It has been found that the amount, type and location of the damage will also influence regeneration. The size and location of the sponge is also a contributing factor (Oxford Academics). Size of damage seems to influence regeneration and at times if the sponge will recover at all.
This has been demonstrated by the enormous basket-shaped sponge (Xestospongia muta) that were seriously injured by grounding ships in the Florida Keys. Those that experienced more damage experienced a slower rate of regeneration, when compared with those that only suffer relatively minor injury. It’s understandable to confuse rate of regeneration with time it takes to heal.
A severe injury will take longer to heal than a minor one – that’s true for any organism due to the amount of tissue involved. The rate of healing should be the same for both injuries. When it comes to sponges, the size of injury will affect how quickly regeneration happens. Larger wounds will do so at a slower rate than minor injuries.
What Breaks You Makes You Stronger
It is well-known in the sea sponge farming industry that when a sponge harvested by cutting it one inch from its base, the remaining base will grow into sponge that will be more robust than the previous one. The regeneration process demonstrates for us a much higher biomass growth rate in the sponge fragments compared to the original sponge (NCBI).
Regeneration in sponges seems to have an added purpose besides reproduction. In fact, it seems to make the new generation more vigorous than the previous one. This offers us another clue as to why sponges have thrived for 600 million years – the first and most successful animals that have ever existed. We human parents are keenly aware of our desire that our children do even better than us – sponges literally put that into practice.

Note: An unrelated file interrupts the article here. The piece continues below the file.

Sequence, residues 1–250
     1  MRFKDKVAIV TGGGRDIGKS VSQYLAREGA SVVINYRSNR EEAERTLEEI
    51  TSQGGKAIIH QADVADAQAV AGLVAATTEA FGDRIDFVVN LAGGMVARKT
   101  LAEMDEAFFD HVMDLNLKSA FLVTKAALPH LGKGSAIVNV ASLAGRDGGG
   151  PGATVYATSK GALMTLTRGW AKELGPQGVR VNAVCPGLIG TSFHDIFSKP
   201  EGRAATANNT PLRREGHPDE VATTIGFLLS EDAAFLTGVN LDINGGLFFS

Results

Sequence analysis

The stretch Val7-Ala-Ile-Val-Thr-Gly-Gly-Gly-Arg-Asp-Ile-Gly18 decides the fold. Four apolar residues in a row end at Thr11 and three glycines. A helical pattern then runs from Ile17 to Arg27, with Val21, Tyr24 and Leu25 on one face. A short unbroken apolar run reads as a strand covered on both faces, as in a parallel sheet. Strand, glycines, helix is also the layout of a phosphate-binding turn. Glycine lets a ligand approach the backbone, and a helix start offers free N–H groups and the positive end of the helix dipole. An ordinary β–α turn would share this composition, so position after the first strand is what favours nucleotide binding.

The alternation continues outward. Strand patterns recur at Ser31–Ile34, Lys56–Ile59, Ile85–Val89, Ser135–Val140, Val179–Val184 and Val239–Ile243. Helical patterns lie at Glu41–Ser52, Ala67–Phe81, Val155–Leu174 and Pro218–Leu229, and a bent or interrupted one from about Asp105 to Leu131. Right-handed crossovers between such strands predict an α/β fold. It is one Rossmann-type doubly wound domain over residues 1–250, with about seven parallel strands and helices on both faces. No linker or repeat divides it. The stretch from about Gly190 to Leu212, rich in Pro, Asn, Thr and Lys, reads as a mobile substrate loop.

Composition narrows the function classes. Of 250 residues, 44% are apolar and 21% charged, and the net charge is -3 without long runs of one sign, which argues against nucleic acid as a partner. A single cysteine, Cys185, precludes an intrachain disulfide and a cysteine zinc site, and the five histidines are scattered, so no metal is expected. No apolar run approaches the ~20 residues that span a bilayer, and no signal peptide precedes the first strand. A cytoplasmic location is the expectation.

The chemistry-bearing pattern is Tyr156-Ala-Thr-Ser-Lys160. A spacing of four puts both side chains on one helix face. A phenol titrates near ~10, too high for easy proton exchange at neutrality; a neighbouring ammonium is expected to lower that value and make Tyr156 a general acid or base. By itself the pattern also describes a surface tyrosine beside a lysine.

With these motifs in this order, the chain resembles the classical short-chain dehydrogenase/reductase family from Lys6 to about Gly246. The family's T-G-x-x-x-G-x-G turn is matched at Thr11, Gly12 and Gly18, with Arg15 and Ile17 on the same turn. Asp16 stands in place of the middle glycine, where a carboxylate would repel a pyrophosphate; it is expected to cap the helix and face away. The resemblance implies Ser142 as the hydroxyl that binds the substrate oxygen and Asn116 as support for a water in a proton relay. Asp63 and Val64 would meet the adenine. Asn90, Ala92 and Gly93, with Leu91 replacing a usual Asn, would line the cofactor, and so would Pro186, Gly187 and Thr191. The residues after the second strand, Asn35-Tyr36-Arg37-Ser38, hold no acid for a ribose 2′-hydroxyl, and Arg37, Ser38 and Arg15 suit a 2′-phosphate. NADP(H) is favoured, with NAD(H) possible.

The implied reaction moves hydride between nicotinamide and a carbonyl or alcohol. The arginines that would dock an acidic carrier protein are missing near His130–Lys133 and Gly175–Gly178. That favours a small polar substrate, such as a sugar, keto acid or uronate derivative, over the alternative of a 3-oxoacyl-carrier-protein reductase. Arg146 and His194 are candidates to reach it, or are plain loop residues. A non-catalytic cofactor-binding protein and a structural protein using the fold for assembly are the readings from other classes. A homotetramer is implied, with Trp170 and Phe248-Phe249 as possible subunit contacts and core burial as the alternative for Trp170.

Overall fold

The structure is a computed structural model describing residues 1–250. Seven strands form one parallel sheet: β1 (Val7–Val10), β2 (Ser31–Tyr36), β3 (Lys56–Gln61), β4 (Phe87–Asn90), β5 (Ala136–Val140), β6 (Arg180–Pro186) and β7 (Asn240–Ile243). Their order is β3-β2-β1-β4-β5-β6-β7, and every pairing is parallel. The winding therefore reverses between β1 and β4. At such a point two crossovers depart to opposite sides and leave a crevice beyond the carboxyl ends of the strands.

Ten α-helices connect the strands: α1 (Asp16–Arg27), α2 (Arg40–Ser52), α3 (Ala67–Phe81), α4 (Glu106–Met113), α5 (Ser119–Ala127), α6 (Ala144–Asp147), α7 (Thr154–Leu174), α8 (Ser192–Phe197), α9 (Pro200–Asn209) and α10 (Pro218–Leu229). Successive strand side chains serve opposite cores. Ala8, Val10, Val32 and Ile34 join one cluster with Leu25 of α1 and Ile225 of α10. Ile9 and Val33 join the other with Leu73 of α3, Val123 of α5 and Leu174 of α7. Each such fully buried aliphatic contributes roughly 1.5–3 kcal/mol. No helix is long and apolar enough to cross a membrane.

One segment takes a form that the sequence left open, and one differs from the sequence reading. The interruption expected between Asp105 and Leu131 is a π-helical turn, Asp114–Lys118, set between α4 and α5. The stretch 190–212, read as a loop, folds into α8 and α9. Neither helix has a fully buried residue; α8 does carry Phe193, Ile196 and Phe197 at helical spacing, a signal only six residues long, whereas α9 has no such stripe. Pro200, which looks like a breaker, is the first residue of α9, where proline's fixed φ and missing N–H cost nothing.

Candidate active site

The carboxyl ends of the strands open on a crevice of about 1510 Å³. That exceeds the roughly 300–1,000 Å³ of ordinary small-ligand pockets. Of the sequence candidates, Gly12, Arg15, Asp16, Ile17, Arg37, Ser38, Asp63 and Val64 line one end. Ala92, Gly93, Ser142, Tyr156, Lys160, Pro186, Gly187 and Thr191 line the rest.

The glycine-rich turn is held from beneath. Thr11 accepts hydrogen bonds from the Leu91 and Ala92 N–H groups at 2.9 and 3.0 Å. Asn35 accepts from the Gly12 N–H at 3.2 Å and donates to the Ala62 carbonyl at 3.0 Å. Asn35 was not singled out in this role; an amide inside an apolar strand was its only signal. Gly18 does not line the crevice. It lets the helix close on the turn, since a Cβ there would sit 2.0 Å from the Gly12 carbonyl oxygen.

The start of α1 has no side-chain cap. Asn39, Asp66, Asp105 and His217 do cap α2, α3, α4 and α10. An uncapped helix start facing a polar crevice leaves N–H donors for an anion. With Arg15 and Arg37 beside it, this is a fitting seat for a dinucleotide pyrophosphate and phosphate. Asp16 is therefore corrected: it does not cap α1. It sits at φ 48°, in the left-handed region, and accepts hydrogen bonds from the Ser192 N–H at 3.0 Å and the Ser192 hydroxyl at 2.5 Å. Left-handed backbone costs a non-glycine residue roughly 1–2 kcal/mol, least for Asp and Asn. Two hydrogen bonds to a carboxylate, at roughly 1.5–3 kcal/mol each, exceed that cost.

A Unique Place
Natural sponges are the first multi-cell organism to inhabit our planet. They have evolved a number of survival strategies that have helped them survive and thrive for 600 million years – more than any other animal in the history of the earth.
Their cells have the ability to act independently while at the same time come together and collaborate with other cells. These cells are able to distinguish between those from their own species and other cells. Only collaborating with those belonging to their own species.
Regeneration in sponges is influenced by various factors, including the shape and location of the sponge. The severity of the damage will determine how quickly regeneration occurs. The more serious the wound is the slower the rate of regeneration will be. Keep in mind that regeneration in sponges is not the same as the healing process in animals such as ourselves.
When a sponge is fragmented and regenerates, the new generation is actually heartier than the last. This is a brilliant adaptation to ensure the sponge continues to thrive. This amazing creature continues to impress us with its many adaptations, which put them in a unique place among all animals.
What do you think about this aweome ability? Can you think of other animals that can regenerate? Do you think regeneration is a good method of reproduction? How do you think it has helped the sponge to survive and thrive? Please leave your comment below.